Education for a New World
This book seems to be a shorter presentation of much of the material found in The Absorbent Mind, which requires a good deal more persistence to finish it reading. In less than 100 pages this book is easy to take in, while still containing the fundamental principles of Montessori's theory of education.It is especially relevant to 3- 6 year old children.
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The foundational concept of Montessori's overall theory is that the young child has an absorbent mind. Thus, the child has a type of mind that absorbs knowledge, and therefore instructs himself. The child's mind is, from birth, forming itself and its organs (drawing an analogy to embryology) by its own natural impetus and direction. Environment is the key. The child who is making use of all that he finds around him, shapes himself for the future. Up until age 3, the child's mind is unapproachable by the adult, who can exercise no influence on it. From 3 to 6, the child is able to tirelessly concentrate upon an environment carefully crafted with his or her psyche in mind, absorbing its lessons.
Another fundamental concept in the theory is that of the "normal" child, the "true" child is revealed only when the environment is right. Defects of character which may have been present before age 3 are resolved during the ages of 3 to 6, if the provided environment plays to the power and nature of the absorbent mind.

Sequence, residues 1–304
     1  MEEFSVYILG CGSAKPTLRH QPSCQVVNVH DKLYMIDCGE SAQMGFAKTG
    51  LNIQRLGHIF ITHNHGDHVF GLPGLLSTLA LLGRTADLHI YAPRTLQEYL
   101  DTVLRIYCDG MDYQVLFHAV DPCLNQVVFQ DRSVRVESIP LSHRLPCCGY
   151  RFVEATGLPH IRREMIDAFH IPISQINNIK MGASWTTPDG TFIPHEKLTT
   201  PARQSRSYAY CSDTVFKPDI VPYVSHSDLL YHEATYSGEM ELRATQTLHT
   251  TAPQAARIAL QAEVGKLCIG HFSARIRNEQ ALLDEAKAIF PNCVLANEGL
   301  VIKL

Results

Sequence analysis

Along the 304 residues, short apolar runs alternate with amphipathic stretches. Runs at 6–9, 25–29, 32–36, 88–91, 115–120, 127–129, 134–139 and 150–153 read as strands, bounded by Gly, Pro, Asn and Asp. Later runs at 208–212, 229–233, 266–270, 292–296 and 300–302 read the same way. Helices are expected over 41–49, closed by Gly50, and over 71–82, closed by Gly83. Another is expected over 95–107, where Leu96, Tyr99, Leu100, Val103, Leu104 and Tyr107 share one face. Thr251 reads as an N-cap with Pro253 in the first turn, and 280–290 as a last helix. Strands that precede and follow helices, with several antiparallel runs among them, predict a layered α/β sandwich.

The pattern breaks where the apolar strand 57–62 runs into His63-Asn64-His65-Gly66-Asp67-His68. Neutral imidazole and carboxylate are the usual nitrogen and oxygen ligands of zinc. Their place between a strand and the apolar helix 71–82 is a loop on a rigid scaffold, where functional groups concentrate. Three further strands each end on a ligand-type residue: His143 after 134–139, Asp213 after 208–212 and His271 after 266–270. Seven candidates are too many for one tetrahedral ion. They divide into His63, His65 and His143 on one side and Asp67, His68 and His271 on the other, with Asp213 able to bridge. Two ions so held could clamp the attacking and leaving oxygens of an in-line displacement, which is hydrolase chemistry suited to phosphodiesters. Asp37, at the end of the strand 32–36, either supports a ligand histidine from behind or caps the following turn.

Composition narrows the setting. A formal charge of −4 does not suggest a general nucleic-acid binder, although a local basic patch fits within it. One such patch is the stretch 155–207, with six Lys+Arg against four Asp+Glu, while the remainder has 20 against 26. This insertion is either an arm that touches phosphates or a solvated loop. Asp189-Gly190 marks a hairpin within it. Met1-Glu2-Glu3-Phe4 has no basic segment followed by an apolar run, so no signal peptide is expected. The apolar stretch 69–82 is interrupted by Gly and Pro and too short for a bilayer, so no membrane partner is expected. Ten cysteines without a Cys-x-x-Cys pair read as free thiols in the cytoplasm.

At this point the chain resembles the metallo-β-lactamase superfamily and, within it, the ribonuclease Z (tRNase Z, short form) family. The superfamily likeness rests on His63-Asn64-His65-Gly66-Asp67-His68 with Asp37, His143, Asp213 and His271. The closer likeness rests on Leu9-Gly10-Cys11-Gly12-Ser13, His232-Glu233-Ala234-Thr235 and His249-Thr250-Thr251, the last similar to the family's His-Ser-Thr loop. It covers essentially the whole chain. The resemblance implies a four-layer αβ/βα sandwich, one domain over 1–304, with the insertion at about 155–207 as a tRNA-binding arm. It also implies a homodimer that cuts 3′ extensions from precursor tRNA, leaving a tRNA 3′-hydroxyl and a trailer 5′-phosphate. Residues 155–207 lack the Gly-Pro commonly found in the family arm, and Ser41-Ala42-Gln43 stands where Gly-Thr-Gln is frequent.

The title of the book reflects the author's belief that the world which "has been torn to pieces" (presumably these words were written during or soon after WW2) can only be fundamentally reconstructed through education. Children create themselves, they create adults, and thereby they are the creators of culture and civilization and the whole world -- they are all-powerful in this sense, and therein lies the fundament of education as a cause of history.
Montessori also presents a notion of cosmic harmony, such that every organism is performing the role it was perfectly designed, through evolution, to perform. There is both a sense of a normally pleasant universe here, as well as a questionable assumption of some important extra-personal purpose for each of us. Not much in Montessori's program for 3- to 6-year-olds relies on this latter point, that I can find.
The book is recommended to be the first book by Maria Montessori for the parent of a teacher to read.